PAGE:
S&OP is about long-term balancing of supply and demand and is an important management tool for creating transparency in the supply chain. The fishing season in the waters around Greenland takes place in the summer months, which means that Royal Greenland must be aware of the customers’ needs and cover e.g. the expected demand for cod for the part of the year when the fishing season is closed. If the volume of fish caught is too high, it results in capital tied up in inventories, and if the volume is too low, the customers will start buying fish from the competitors. In this complex management dilemma, S&OP shows its full potential, as it allows the company to plan on the basis of aggregated volumes and provides an overview of how many kilos of fish to move through the company’s supply chain.

Royal Greenland could simply choose a different location for fishing?

Obviously, this would remove the concern about seasonal fishing. However, Royal Greenland has always had deep roots in and strong ties to the Greenlandic people, and they work in close cooperation with the Greenlandic fishermen. For that reason, Royal Greenland’s primary business focuses on fishery in the waters around Greenland and making sure that local fishermen are also able to sell their fish. Only then are fish sourced from other countries in order to meet consumer demand.

What results do you expect after the implementation of improved planning?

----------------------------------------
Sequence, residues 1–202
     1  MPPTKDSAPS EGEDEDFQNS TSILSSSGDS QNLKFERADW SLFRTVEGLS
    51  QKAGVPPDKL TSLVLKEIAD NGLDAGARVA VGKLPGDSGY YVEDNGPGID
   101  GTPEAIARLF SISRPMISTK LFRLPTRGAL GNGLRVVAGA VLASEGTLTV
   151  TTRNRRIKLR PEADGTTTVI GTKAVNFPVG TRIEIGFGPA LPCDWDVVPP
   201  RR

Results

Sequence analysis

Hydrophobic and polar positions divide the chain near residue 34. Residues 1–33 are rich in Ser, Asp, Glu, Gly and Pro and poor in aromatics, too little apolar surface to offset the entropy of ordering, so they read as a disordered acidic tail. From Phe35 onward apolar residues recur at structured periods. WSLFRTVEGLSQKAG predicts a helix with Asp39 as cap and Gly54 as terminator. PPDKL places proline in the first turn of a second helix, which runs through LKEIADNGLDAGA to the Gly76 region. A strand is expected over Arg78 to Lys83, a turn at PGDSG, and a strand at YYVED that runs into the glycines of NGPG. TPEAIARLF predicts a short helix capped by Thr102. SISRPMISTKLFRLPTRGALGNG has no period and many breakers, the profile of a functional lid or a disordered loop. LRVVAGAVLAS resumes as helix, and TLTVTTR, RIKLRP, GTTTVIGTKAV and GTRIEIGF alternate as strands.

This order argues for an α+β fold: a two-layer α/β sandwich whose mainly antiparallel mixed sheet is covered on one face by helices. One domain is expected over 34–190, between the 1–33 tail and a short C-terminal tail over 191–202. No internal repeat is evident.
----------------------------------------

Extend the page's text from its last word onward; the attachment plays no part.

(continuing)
The company expects a better capital utilisation of approx. 10 % on a year-on-year basis within a 3-year horizon. They anticipate less wastage as a result of e.g. not overproducing or using too many resources for what needs to be produced. In addition, the amount of stock-outs, rush orders and overtime work is reduced. But what is perhaps most important is to move focus from sub-optimisation in each individual functional area to a cross-organisational decisional forum, where decisions are made.

Good advice when making the decision to introduce S&OP:

  1. Seek inspiration from people and companies who have already implemented S&OP, before you design your project.
  2. Set ambitious corporate goals for S&OP to achieve.
  3. Involve all the stakeholders who take part in both the supply chain processes as well as the anchoring of S&OP in the day-to-day work.
  4. Design the supply chain processes so that they support the S&OP principles.
  5. Make sure that S&OP is systemsupported, e.g. by implementing SAP APO.
  6. Be aware that S&OP is built around data and that this part of your project will require substantial resources.